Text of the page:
Advertisement
Policy Forum

Policy Forum Policy Forum articles provide a platform for health policy makers from around the world to discuss the challenges and opportunities in improving health care to their constituencies.

See all article types »

Hitting Hotspots: Spatial Targeting of Malaria for Control and Elimination

  • Teun Bousema mail,

    teun.bousema@lshtm.ac.uk

    Affiliations: Department of Immunity and Infection, London School of Hygiene & Tropical Medicine, London, United Kingdom, Department of Medical Microbiology, Radboud University Nijmegen Medical Centre, Nijmegen, The Netherlands, Department of Epidemiology, Biostatistics, and HTA, Radboud University Nijmegen Medical Centre, Nijmegen, The Netherlands

    X
  • Jamie T. Griffin,

    Affiliation: Department of Infectious Disease Epidemiology, MRC Centre for Outbreak Analysis and Modeling, Imperial College London, London, United Kingdom

    X
  • Robert W. Sauerwein,

    Affiliation: Department of Medical Microbiology, Radboud University Nijmegen Medical Centre, Nijmegen, The Netherlands

    X
  • David L. Smith,

    Affiliation: Johns Hopkins Malaria Research Institute and Department of Epidemiology, Johns Hopkins Bloomberg School of Public Health, Baltimore, Maryland, United States of America

    X
  • Thomas S. Churcher,

    Affiliation: Department of Infectious Disease Epidemiology, MRC Centre for Outbreak Analysis and Modeling, Imperial College London, London, United Kingdom

    X
  • Willem Takken,

    Affiliation: Laboratory of Entomology, Wageningen University and Research Centre, Wageningen, The Netherlands

    X
  • Azra Ghani,

    Affiliation: Department of Infectious Disease Epidemiology, MRC Centre for Outbreak Analysis and Modeling, Imperial College London, London, United Kingdom

    X
  • Chris Drakeley,

    Affiliation: Department of Immunity and Infection, London School of Hygiene & Tropical Medicine, London, United Kingdom

    X
  • Roly Gosling

    Affiliation: Global Health Group, University of California, San Francisco, San Francisco, California, United States of America

    X
  • Published: January 31, 2012
  • DOI: 10.1371/journal.pmed.1001165

Summary Points

  • Heterogeneity is a common facet of infectious diseases, whereby infection and disease are concentrated in a small proportion of individuals.
  • In malaria, heterogeneity is manifested as small groups of households, or hotspots, that are at a substantially increased risk of malaria transmission.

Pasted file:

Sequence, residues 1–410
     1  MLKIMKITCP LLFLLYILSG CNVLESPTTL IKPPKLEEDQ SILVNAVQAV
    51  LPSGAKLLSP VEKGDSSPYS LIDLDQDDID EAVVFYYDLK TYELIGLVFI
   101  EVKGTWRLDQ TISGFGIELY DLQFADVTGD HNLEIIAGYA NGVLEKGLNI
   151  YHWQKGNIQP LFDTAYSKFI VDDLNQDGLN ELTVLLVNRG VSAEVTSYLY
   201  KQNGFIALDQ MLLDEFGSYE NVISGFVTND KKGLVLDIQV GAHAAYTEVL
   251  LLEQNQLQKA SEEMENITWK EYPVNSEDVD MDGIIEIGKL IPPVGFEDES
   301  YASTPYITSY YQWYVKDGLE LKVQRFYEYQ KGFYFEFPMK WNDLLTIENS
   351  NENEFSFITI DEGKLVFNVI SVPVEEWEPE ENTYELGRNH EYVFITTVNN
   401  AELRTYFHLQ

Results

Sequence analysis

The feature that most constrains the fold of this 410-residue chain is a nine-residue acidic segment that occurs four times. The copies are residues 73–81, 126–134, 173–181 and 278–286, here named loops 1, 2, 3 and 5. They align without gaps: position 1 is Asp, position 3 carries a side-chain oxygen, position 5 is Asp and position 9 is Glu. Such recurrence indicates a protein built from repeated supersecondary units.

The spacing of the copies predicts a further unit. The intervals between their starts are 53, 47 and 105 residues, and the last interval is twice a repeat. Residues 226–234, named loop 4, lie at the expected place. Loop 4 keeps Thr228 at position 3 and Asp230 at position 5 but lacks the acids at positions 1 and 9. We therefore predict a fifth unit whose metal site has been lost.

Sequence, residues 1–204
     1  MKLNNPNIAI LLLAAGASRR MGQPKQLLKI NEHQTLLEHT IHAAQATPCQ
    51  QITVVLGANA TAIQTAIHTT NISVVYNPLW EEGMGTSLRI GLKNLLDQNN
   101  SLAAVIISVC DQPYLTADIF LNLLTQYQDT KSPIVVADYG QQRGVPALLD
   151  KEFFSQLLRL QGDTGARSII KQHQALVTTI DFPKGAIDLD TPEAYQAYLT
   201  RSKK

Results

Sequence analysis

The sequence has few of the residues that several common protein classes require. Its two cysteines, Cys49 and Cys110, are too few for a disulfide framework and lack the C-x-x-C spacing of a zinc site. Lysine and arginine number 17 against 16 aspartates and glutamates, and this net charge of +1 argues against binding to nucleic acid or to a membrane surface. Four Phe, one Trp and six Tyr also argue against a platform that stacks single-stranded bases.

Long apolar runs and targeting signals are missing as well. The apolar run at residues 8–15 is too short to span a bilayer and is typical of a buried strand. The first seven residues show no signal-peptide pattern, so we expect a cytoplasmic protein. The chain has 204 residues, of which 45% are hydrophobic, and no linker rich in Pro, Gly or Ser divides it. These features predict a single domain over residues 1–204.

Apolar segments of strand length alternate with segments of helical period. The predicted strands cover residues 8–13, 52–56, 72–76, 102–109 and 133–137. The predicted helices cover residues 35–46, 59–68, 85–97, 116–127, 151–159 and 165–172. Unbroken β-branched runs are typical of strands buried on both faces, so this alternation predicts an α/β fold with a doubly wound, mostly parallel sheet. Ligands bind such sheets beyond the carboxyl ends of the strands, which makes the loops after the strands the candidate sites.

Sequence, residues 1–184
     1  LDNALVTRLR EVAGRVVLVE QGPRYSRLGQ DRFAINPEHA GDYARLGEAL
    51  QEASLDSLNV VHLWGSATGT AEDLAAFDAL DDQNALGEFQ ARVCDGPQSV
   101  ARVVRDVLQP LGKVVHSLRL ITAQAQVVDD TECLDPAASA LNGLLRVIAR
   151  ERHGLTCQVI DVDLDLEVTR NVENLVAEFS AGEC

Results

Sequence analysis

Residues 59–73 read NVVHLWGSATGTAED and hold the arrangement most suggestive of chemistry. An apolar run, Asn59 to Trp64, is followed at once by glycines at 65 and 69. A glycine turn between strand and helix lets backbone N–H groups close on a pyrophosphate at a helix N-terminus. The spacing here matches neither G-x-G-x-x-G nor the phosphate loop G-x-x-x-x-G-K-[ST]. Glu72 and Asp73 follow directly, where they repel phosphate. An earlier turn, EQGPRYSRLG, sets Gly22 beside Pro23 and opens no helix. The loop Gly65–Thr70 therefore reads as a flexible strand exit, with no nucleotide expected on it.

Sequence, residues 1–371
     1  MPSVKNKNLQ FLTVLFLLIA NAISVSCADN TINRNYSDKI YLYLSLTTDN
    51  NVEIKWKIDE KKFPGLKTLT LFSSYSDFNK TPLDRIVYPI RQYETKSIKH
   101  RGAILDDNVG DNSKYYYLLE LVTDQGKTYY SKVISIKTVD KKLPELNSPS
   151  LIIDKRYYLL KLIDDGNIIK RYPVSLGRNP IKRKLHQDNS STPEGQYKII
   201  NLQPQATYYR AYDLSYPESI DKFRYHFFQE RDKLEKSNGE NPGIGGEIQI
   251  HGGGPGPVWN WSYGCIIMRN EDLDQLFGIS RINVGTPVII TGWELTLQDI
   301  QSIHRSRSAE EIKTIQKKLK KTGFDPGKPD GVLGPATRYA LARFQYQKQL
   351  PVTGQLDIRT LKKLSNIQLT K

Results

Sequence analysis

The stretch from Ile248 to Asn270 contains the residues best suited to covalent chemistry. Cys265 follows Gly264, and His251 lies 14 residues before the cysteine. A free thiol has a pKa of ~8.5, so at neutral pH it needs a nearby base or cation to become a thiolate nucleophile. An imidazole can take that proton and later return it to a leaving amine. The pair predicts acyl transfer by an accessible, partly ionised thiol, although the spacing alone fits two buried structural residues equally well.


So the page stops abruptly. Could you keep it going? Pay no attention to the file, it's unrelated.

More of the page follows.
• These hotspots exist in all transmission settings but are less easily detected at high transmission intensity.
  • Hotspots maintain transmission in low transmission seasons and fuel transmission in the high transmission seasons.
  • Targeting hotspots is a highly efficient way to reduce malaria transmission at all levels of transmission intensity.

Introduction

Current malaria elimination guidelines are based on the concept that malaria transmission becomes heterogeneous in the later phases of malaria elimination [1]. In the pre-elimination and elimination phases, interventions have to be targeted to entire villages or towns with higher malaria incidence until only individual episodes of malaria remain and become the centre of attention [1]. With increasing evidence of clustering of malaria episodes within villages, we argue that there is an intermediate step. Heterogeneity in malaria transmission within villages is present long before areas enter the pre-elimination phase, and identifying and targeting hotspots of malaria transmission should form the cornerstone of both successful malaria control and malaria elimination.

Heterogeneity, Clustering, Transmission Foci, and Hotspots

Variation in the risk of malaria between villages in endemic regions has long been recognized [2][4]. This variation is common for many infectious and parasitic diseases where a small number of human hosts are most frequently or most heavily infected while the majority of a local population carry few or no infections [5][8]. In malaria, this is exemplified by a study in Dielmo, Senegal, where children were monitored daily during their first 2 years of life. Some children suffered only one episode of clinical malaria, whilst others suffered up to 20 episodes [9]. In Kenya, researchers noted that malaria exposure could not be homogenous as malaria incidence did not follow a Poisson distribution, a phenomenon they describe as over-dispersion [10]. Over-dispersion is commonly recognized in other infectious diseases, where a small proportion (20%) of the population is responsible for the majority (80%) of transmission, the so-called “20/80 rule” [8],[11][13].

Micro-epidemiological variations in malaria exposure are most easily recognized in areas of low or moderate transmission intensity where a considerable proportion of the population may remain malaria free for several years while others experience multiple episodes [8],[11],[14]. In areas exposed to intense malaria transmission, heterogeneity in exposure is also present [15],[16], but may be obscured because the majority of the population experiences at least one infection per year and many infections are carried asymptomatically. At present, the factors underlying the micro-epidemiology of malaria are not fully understood but include variation in distance to the nearest mosquito breeding site, water body or vegetation [14][17], household structural features [14][17], and both human behavioural [15],[17] and genetic factors [15],[17] that may also result in differential attractiveness to mosquitoes [18]. These factors differ at global and local geographical scales and lead to different and confusing definitions of foci of malaria transmission and hotspots of malaria transmission. Entire countries or islands have been classified as malaria hotspots [19],[20], or the term hotspots of malaria transmission may be reserved for smaller geographical areas [14],[21][23], sometimes smaller than 1 km2 [22],[23].